December 8, 2023

The 70s 80s 90s Blog

Three Decades of History with TV historian Tony McMahon

When the Buggles met Yes and created a Drama

2 min read
When the Buggles met Yes and created a Drama - the fusion of prog rock and new wave with an unhappy outcome

I’m not sure I’ll get over the traumatic night when I was taken to see Yes incorporating The Buggles.

Twas in 1980 and a bunch of us school kids got down to the Hammersmith Odeon, as it then was, to see this bizarre combo.

Basically, vocalist Jon Anderson and keyboardist Rick Wakeman had left Yes over the usual ‘musical differences’ and Trevor Horn and Geoff Downes were asked if they’d like to bring their electro-pop sensibilities into this flagging prog rock dinosaur – as it then looked.

Punk and New Wave had made mega-groups like Yes seem totally bombastic and hopelessly out of date. I seem to remember Jon Anderson on the front front page of Melody Maker in flares and kaftan asking why punks hated him so much.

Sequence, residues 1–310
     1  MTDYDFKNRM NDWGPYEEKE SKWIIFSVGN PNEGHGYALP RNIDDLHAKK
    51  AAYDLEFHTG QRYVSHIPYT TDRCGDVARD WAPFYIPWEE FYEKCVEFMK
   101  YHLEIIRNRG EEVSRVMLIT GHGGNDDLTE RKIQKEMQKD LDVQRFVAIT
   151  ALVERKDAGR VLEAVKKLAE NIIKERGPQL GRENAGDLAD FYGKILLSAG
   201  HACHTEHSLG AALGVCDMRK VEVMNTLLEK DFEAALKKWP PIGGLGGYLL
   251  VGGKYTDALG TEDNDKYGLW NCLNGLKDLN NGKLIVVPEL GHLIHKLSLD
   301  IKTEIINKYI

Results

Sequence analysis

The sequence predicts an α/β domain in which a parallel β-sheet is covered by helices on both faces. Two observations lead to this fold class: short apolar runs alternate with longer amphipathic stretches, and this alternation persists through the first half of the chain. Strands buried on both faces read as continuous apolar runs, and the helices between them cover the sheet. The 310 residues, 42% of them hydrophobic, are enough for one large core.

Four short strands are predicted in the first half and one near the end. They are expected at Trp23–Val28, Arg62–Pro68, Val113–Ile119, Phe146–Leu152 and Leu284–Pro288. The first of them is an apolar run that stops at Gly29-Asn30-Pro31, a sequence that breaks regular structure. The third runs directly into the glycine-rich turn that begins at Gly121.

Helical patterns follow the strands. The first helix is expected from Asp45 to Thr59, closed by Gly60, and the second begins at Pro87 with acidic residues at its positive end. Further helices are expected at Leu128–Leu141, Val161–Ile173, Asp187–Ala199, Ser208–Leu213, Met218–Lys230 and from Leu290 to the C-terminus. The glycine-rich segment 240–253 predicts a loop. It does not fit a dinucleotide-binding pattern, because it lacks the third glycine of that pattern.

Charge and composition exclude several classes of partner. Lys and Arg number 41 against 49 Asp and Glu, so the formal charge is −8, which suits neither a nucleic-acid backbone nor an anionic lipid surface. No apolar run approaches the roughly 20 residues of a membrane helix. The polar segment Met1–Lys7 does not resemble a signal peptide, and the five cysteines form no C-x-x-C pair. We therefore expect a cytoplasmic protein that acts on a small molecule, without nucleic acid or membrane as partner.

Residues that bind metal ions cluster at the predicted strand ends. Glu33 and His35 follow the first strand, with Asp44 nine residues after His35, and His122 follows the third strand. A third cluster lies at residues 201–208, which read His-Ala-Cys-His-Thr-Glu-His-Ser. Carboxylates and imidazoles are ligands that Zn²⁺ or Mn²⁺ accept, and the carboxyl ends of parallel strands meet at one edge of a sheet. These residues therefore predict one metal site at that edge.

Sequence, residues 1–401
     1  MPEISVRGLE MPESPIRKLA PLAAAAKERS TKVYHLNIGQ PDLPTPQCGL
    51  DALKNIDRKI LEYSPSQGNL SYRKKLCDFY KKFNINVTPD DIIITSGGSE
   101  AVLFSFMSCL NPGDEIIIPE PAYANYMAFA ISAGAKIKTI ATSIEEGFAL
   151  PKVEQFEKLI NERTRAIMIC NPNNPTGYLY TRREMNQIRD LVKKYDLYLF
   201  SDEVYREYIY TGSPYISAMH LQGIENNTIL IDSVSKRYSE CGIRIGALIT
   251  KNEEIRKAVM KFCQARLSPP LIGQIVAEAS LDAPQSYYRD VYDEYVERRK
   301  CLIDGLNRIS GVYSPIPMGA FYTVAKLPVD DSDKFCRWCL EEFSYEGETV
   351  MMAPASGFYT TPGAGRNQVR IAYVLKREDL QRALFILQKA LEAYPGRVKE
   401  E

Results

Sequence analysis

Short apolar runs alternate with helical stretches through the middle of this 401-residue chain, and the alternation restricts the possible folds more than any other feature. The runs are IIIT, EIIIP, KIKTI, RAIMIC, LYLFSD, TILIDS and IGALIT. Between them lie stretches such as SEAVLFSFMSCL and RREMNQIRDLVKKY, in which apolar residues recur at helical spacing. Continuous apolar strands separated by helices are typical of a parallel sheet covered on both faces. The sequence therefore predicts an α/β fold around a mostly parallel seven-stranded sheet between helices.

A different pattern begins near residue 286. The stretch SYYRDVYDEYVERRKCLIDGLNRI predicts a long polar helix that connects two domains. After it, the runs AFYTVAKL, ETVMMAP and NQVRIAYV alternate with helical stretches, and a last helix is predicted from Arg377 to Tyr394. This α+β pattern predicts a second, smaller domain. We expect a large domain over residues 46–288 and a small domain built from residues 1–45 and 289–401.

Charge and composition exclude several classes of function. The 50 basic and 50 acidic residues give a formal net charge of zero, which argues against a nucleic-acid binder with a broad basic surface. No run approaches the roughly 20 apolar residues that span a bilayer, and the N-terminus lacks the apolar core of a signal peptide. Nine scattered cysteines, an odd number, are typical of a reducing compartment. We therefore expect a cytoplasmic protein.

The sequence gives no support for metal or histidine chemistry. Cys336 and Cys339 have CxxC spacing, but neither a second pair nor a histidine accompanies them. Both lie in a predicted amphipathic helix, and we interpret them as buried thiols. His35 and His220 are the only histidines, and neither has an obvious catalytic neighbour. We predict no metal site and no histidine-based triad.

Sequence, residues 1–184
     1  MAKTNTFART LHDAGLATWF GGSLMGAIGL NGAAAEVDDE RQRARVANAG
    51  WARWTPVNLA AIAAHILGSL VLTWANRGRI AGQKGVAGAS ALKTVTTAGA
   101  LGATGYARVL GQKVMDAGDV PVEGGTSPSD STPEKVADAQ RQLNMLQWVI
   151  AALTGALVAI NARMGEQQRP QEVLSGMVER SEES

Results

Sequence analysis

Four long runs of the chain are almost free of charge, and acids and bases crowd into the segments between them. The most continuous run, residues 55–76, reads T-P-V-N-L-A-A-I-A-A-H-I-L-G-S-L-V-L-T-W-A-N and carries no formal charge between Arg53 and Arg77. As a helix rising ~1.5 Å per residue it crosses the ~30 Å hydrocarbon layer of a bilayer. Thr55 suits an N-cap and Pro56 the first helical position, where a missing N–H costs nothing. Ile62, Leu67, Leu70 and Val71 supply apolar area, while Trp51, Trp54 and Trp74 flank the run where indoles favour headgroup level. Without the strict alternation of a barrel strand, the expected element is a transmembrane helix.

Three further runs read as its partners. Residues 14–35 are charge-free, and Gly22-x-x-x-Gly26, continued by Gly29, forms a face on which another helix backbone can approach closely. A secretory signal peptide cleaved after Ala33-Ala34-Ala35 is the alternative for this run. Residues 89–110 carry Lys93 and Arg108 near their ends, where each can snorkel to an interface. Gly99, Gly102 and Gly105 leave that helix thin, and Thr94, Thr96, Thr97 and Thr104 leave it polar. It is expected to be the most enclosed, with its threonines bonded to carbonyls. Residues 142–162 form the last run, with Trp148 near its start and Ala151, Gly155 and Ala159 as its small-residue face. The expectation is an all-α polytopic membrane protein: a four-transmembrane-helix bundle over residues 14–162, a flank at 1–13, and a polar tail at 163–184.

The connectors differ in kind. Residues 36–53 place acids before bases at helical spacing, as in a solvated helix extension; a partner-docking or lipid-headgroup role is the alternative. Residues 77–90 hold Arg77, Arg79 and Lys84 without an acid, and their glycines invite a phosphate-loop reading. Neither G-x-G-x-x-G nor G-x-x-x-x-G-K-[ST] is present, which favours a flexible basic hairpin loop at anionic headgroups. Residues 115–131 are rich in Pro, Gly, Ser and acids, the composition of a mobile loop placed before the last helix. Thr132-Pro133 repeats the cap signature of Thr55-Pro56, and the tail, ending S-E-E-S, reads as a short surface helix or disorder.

Well…where would we start?

So the high pitched singer went off to do solo stuff and Wakeman followed soon after.

The resulting merger of two very different bands produced the album Drama – which I remember being completely unconvinced by in 1980 but you know, time has softened my opinion. It’s not that bad. And it’s got all that Trevor Horn slickness that he would bring to bands like Frankie Goes To Hollywood, Pet Shop Boys and ABC.

Live audiences though were far less forgiving and I can remember somebody shouting ‘Bring Back Rick Wakeman’ – and it’s not often anybody expresses that sentiment! Needless to say that by 1981, Yes had split again and the band announced it no longer existed.

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